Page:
We have the ability to help our devastated fish stocks and make a positive impact that could have rebuilt our fish stocks already. The science for this kind of stock enhancement has been available for a long time. If we had started raising redfish when our red tide started, they could be entering our slot now!
I personally invested years of time and energy participating in aquaculture research development. We brought in experts from all over the country to vet procedures and develop protocols that assured everything man can control. Now fishing is closed for our big three species (redfish, trout and snook) from Pasco County to Naples. Closures help stocks recover but also hurt many families and businesses.
What if there were a way to add more fish to the environment? Hatcheries could be relieving this problem. Why don’t we have hatcheries?
Former FWC Director Ken Haddad created and shepherded a stocking project before he retired from FMRI. Mote, Harbor Branch, Scripps and other expert participated and contributed to develop and compose guidelines.
The procedures were thoroughly vetted. Our group was made up of knowledgeable representatives from every aspect of fishing and scientist to assure every consideration was scientifically addressed. We had it down to how long it would take to raise redfish to specific sizes and exactly what it would cost.
The critical thing we never could get was the funds to make it happen. Talk, talk, talk — but no funds. Karl Wickstrom, the founder of Florida Sportsman magazine, died asking for hatcheries but never was able to find funds to make it reality.
We did experiments in Tampa Bay that proved successful with redfish stock enhancement. They lasted several years and showed how much impact a few stocked redfish could have. The documentation is available; it is reliable data showing it works. Why can’t we stay focused and make it reality? Mote has conducted extensive continuing research with snook studies documenting that stock enhancement could help stocks recover rapidly if we funded it. I’m hearing about a new hatchery, but will I ever see it built?
We were assured for decades that the money was coming from oil spill funds to build a hatchery to further document our research, but it never happened. Politicians always took the money and used it elsewhere. I see the state bought 20,161 acres of Panhandle lands for conservation. That’s great, but we have voted for sources to do this from doc stamps which legislators refuse to use — yet they steal from funds earmarked for fishery enhancement.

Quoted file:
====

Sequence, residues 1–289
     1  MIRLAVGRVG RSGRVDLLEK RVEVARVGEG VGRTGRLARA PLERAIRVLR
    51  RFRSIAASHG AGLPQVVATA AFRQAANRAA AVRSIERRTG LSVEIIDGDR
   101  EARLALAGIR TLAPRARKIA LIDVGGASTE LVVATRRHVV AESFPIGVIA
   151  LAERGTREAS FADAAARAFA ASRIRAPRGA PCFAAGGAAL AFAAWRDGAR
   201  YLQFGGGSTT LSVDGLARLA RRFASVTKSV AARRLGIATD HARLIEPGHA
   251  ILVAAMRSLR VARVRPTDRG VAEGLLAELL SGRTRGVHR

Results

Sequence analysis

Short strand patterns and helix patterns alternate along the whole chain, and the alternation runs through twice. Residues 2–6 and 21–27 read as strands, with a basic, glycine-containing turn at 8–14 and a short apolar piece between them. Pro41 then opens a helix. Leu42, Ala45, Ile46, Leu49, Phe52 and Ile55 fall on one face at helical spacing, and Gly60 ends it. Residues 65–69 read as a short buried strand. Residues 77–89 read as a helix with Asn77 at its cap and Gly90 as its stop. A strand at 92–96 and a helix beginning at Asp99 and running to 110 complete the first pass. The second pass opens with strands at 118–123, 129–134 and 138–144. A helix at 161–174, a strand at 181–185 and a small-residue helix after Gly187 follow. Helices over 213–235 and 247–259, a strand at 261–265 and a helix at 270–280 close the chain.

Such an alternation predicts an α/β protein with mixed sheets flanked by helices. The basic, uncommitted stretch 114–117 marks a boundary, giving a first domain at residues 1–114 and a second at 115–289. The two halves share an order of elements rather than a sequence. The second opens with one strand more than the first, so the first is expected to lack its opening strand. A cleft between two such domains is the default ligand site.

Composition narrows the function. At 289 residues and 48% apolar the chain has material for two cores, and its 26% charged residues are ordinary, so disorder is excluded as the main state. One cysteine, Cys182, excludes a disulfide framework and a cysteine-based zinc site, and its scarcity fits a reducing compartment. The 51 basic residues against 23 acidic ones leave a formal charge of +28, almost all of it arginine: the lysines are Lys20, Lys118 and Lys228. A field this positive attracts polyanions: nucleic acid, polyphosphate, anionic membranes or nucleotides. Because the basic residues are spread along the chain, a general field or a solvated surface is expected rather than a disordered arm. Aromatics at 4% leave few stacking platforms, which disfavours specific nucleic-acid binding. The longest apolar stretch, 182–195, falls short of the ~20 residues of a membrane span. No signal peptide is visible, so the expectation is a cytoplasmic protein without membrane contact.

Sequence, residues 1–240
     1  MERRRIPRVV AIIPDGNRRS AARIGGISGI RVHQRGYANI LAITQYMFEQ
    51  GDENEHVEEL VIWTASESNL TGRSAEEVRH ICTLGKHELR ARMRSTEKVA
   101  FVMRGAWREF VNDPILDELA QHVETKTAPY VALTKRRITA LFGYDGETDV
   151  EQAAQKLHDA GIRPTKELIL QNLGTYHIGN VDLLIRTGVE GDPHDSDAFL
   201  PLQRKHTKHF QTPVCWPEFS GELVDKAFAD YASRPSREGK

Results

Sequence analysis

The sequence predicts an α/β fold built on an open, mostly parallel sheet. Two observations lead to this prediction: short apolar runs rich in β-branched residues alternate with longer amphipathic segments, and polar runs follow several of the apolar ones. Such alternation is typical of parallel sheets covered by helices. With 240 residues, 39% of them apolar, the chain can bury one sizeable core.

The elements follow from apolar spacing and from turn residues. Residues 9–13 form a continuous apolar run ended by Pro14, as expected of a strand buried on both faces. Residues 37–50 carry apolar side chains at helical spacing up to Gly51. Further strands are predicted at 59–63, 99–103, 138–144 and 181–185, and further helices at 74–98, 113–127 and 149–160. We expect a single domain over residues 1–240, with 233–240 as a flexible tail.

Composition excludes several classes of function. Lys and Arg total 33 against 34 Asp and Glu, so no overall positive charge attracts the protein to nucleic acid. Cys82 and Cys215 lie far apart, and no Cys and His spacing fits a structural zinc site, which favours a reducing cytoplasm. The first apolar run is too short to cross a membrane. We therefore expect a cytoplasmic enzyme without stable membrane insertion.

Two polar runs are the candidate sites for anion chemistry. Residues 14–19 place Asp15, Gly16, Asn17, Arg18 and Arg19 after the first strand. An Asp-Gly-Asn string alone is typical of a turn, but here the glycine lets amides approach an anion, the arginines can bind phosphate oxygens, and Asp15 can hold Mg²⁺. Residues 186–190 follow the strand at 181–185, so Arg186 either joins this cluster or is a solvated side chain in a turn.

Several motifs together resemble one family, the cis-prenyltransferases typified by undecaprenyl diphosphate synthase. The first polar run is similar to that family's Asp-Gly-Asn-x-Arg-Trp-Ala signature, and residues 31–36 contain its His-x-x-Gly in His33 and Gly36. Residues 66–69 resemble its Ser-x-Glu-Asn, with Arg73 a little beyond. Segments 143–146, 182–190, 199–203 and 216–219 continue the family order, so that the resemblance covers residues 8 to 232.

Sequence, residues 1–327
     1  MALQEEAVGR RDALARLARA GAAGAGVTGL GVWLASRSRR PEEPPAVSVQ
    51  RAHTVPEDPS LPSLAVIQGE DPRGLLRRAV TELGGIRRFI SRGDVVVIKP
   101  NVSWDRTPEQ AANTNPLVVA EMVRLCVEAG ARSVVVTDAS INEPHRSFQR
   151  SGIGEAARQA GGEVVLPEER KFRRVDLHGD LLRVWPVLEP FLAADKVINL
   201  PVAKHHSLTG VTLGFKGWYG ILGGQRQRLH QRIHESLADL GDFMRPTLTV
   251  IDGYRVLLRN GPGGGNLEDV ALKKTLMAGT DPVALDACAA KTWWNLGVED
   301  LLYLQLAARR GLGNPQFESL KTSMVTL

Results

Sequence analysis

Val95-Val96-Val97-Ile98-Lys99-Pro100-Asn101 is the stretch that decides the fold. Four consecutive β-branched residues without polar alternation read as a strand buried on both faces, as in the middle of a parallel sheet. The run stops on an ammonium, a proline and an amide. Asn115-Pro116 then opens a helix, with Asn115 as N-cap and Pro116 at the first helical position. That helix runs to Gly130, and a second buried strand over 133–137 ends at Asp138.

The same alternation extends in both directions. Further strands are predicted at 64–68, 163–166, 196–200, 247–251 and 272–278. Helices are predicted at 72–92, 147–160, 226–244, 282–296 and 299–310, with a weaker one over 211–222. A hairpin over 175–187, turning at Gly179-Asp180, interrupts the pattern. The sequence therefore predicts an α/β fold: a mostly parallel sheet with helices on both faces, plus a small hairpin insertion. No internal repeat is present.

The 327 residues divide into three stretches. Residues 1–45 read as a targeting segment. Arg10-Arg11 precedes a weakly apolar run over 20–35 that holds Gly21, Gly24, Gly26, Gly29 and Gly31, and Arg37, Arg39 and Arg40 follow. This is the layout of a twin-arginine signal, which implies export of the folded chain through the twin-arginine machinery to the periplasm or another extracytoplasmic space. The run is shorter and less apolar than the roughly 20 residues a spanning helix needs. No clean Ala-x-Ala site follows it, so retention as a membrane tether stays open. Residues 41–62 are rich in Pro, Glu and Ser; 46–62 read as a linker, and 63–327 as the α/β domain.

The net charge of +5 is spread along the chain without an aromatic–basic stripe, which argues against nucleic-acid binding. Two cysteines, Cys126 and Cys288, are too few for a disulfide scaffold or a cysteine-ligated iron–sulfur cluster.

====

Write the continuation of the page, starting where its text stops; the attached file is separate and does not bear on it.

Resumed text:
Why is this so important? As I mentioned, our big three target species are shut down to allow stocks to rebuild from red tide devastation. Our group understood these disasters were inevitable and anticipated them. We worked hard to provide the methods to enhance or fish populations after red tide, freezes or phosphate-related fish kills.
How much money and pleasure have been lost because of our depleted fish stocks? I’ve seen figures that would grab your attention. It’s big bucks. Billions. Development and real estate have balanced our economy so our fishing money losses have not shown up as clearly to the general economy. But fishing-related businesses are hurting. I’ve had my lowest fishing income in almost 50 years. It was better when I started out back in the 1970s!
Tourism has done well because our local Tourist Development Council is doing a fantastic job promoting other activities. Give them credit for saving our bacon. But please consider why folks originally chose to settle in our area. The the original reason people lived in and came to Charlotte County was our waters and fishing! Commercial fishing supported the establishment of local coastal economies.
How can we fund hatcheries? Maybe some collaboration with private entities like the big public aquariums to experiment with pilot projects? They all need fish and more exposure. Tampa, Atlanta, and other places have great aquariums, plus Sea World wants and needs better press. Maybe they’d be interested? We need to get this ball rolling somehow. We need the ability to supplement our fish stocks. With growth, development and increased fishing pressure, it’s crucial to our future that we can help mitigate our take and losses.
Next week: What about the proposed fish farm offshore of Sarasota?
Capt. Van Hubbard is a highly respected outdoor writer and fishing guide. He has been a professional USCG-licensed year-round guide since 1976, and has been fishing the Southwest Florida coast since 1981. Contact him at 941-468-4017 or VanHubbard@CaptVan.com.